4. PRC Missile Test

People’s Daily (“CHINA SUCCESSFULLY TESTS A NEW TYPE OF LONG-RANGE GROUND-TO-GROUND MISSILE,” Beijing, 8/3/99, A1) reported that the PRC successfully conducted a test launch of a new type of long-range ground-to-ground missile within its territory on August 2.

5. Across-Taiwan Straits Relations

People’s Daily (“ARATS COMMENTS ON KOO’S SPEECH,” Beijing, 7/31/99, A1) reported that the Association for Relations Across the Taiwan Straits (ARATS) said on July 30 that a written speech by Koo Chen-fu sent by Taiwan’s Straits Exchange Foundation (SEF) continues to preach more fallacies on the “special state-to-state relations.” An ARATS official said that the speech once again lays bare attempts by Taiwan President Lee Teng-hui to cling to splittism. He said that Lee’s acts have seriously deteriorated cross-Straits relations and destroyed the basis of contacts, exchanges, and dialogues between ARATS and SEF. Lee Teng-hui should bear full responsibility for all the consequences arising from this, the ARATS official said.

People’s Daily (“SEF LETTER UNACCEPTABLE,” Beijing, 7/31/99, A1) reported that the Association for Relations Across the Taiwan Straits (ARATS) said on July 30 that the letter and the written speech by Koo Chen-fu sent by the Taiwan-based Straits Exchange Foundation to ARATS at 2:00 p.m. on July 30, seriously violates the “one China” principle, on which the two organizations reached an agreement in 1992. The letter and the written speech cannot be accepted and was sent back, ARATS said.

6. PRC View on Taiwan Issue

China Daily (“ARMY READY TO FIGHT SPLITTISM,” Sun Shangwu, 8/2/99, A1) reported that PRC Defense Minister Chi Haotian said on July 31 in Beijing that the People’s Liberation Army (PLA) is ready to use force to stop any activities conducted for Taiwan independence. “The PLA stands ready and prepared to defend the country’s sovereignty and territorial integrity at any time and will firmly smash any attempts to split the motherland,” Chi said. He made these remarks at a reception held by the Ministry of Defense in the Great Hall of the People to celebrate the 72nd anniversary of the founding of the PLA. Chi, who is also vice-chairman of the Central Military Commission, warned Lee Teng-hui and Taiwan authorities “not to underestimate our firm resolution to safeguard State sovereignty and territorial integrity, and not to underestimate our courage and strength against separation and Taiwan’s independence.”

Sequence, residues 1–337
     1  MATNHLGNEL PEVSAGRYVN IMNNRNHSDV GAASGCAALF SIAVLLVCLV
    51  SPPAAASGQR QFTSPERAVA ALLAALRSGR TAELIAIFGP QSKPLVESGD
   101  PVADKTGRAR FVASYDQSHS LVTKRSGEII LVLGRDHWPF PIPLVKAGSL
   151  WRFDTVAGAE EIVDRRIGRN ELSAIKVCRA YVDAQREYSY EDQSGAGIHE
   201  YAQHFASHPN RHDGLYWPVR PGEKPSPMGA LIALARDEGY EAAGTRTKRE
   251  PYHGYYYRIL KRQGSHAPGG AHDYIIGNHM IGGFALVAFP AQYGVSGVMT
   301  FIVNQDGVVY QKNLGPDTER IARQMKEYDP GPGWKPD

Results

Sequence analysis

7. PRC Military Modernization

China Daily (“DEFENSE FORCES SHARPEN EDGES,” Guo Nei, 7/31/99, A1) reported that the People’s Liberation Army (PLA) has made substantial progress in strengthening the national defense power over the past five decades, a Beijing-based magazine reported. The army has become a technically and organizationally advanced force and is now much smaller, better equipped with high-tech weapons, quicker in mobilization, and able to cope with high-tech wars, said Outlook weekly in its July 26 issue. In terms of weapons, the modernization process has witnessed rapid progress since the foundation of the People’s Republic of China 50 years ago, the article said. By 1997, the PRC had developed scores of missiles, many of which can match the leading missiles of the world. The PRC is also the fifth country in the world able to launch missiles from submarines, the article said. The Outlook stressed, however, that the PRC’s nuclear weapons only serve its self-defense needs. The quantity and quality of the PRC’s nuclear arsenal cannot compare to those of the world’s super military powers, the magazine said.

8. Japanese Chemical Weapons Left in PRC

People’s Daily (“CHINA AND JAPAN SIGN MEMO ON DESTRUCTION OF CHEMICAL WEAPONS LEFT IN CHINA,” Beijing, 7/31/99, A2) reported that the PRC and Japanese governments signed a memorandum on July 30 in Beijing on the destruction of chemical weapons left by Japan in Chinese territory. PRC Vice Foreign Minister Wang Yi presented the PRC’s principles and positions on this issue. He also emphasized that the Japanese side has clearly admitted in the memorandum the fact of leaving the chemical weapons in the PRC and committed that it will seriously implement the responsibility and obligations of destroying those weapons. The PRC side urged the Japanese side to start the destruction process immediately and completely resolve the important historical issue as early as possible.